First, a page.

Trawling ban a high-water mark for HK conservation

PUBLISHED : Tuesday, 30 November, 2010, 12:00am
UPDATED : Tuesday, 30 November, 2010, 12:00am

We should all applaud the chief executive for his commitment to ban trawling in Hong Kong waters within two years.

This is the most significant environmental action taken in years, and is as momentous as was the plan to set up the country parks in our city.

Our ocean is our biggest asset, and we would be nothing without it.

Contrary to the comments made last week by your reader Kary Yip, suggesting that now is not the right time to ban trawling ('This may not be right time for trawling ban', November 15), we should then ask, 'when is the right time?'

Our local waters are practically dead, and trawling simply delays any possible hope for recovery.

Your correspondent mentions shrimp fishing as a lost industry, but most people do not know that roughly 70 per cent of everything caught when fishing for shrimp is thrown away - it is treated as a 'by-catch' with no value.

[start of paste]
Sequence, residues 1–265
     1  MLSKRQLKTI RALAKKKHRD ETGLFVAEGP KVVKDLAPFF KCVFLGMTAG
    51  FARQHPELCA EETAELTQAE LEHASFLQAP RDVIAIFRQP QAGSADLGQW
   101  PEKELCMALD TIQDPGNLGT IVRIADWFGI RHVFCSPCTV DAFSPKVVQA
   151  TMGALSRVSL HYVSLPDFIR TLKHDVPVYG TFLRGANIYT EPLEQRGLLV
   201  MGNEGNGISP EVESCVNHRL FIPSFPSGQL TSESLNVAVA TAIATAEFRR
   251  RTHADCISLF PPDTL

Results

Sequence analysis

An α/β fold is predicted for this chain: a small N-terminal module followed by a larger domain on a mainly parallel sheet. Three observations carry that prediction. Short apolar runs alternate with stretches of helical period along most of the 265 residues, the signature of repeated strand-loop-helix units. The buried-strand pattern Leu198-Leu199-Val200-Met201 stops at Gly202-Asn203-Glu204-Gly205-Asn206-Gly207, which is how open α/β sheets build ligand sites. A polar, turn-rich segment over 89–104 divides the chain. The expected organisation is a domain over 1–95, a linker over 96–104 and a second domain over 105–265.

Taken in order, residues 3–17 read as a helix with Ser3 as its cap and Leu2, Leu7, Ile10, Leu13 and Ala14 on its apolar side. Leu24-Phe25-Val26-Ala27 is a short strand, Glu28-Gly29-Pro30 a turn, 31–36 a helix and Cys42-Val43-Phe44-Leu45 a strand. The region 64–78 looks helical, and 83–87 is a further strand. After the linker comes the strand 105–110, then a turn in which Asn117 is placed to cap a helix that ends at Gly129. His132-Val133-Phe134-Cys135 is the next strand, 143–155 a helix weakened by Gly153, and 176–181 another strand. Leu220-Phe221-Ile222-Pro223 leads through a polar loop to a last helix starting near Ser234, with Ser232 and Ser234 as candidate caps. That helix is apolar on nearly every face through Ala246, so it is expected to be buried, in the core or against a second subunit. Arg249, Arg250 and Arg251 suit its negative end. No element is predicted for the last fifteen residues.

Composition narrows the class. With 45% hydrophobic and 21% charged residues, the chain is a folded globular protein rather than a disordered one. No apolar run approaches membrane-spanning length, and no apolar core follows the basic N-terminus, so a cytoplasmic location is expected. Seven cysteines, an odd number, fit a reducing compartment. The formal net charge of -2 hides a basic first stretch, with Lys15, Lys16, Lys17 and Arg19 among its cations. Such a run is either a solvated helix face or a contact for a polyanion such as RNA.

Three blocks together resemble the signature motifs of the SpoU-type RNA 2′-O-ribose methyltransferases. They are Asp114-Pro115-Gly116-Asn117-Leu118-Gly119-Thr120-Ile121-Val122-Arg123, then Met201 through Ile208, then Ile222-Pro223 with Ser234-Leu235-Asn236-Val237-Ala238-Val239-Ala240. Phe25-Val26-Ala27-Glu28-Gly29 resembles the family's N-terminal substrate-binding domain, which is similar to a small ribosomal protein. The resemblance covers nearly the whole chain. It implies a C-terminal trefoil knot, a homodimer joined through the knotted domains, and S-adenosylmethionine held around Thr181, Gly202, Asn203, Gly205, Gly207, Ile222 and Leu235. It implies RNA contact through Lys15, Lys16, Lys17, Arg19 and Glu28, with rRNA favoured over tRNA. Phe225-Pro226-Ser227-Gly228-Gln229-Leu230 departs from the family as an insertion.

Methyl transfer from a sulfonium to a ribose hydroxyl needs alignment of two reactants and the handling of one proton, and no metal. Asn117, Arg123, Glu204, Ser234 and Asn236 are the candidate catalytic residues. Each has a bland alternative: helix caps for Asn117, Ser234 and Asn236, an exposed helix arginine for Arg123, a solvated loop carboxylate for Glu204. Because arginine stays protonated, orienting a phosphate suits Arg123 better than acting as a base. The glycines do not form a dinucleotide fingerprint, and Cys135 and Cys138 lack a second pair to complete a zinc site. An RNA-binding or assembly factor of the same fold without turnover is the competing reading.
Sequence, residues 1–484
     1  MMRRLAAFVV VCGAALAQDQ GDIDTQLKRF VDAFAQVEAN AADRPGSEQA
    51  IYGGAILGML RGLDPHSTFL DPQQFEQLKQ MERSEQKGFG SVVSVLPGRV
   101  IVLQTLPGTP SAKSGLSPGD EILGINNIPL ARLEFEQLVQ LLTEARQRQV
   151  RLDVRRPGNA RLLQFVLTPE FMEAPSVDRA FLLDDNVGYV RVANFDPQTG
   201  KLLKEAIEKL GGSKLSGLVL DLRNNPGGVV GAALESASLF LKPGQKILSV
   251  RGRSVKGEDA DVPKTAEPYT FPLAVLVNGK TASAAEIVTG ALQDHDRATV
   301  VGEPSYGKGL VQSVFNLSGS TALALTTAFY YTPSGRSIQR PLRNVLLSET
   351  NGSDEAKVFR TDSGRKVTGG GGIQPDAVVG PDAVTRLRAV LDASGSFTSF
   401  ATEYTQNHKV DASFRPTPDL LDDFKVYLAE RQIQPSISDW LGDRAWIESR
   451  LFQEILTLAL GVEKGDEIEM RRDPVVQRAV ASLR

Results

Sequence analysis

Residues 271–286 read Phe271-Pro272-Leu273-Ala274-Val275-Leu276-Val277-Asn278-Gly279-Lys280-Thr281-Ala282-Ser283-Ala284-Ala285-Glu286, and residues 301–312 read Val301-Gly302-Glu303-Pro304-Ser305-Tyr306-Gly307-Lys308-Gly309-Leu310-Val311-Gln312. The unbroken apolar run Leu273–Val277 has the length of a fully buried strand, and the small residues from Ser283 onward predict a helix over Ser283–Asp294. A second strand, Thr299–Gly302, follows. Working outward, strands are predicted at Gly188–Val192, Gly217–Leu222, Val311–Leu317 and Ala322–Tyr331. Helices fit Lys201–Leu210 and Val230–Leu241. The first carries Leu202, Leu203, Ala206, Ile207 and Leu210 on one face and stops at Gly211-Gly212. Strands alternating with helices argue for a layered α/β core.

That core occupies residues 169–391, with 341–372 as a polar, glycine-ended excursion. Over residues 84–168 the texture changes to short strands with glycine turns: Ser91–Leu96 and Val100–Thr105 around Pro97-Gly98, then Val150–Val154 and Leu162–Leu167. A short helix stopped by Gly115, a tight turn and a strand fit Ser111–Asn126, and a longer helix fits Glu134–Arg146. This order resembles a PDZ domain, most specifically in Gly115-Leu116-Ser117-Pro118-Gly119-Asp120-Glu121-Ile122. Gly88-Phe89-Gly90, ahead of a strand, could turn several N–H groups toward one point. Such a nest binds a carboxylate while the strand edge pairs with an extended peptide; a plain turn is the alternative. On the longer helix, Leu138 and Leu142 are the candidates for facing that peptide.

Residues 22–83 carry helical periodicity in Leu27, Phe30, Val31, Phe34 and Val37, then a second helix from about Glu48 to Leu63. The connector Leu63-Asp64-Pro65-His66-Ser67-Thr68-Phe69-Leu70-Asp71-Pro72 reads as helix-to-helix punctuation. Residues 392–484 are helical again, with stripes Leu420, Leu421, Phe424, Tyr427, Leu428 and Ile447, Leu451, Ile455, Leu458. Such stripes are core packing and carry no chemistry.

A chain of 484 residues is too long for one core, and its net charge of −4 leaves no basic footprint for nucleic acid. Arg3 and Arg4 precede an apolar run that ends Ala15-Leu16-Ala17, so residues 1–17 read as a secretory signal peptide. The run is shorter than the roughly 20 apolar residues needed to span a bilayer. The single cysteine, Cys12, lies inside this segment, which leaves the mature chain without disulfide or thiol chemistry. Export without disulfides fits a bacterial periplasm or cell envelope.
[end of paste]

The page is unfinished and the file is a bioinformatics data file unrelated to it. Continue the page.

So we pillage the ocean of its life for a small percentage of higher-value items.

Suggesting that now is not the right time for a ban is an argument similar to the one used by the tobacco industry to oppose the ban on smoking in restaurants - and the plastic bag ban, whose opponents suggested that business would be lost.

This was not the case: in both instances, the broader society benefited from cleaner air, improved health and less waste.

It is time that we do things for the greater good of society because, for too long, we have been catering to small groups of vested interests whose use of products or activities have put a burden on the rest of us.

In the case of fishing, a small group in the population has essentially been allowed to bulldoze the ocean floor every day, without any of us taking note.

The result is a dead environment that we now have to resurrect.

Many fishermen have said they support this ban, and there is proof around the world that when fishing is stopped, the ocean comes back to life. Wouldn't that be amazing for Hong Kong?

The fishermen would then have all types of new things to catch. This could be done in sustainable ways that do not ruin everything in their wake, as happens with trawling.

Supporting the ban on trawling would be supporting historic, positive change for this city, and proof that we can address tough issues.

Let us put the air we breathe on the same course of action.

Douglas Woodring, Mid-Levels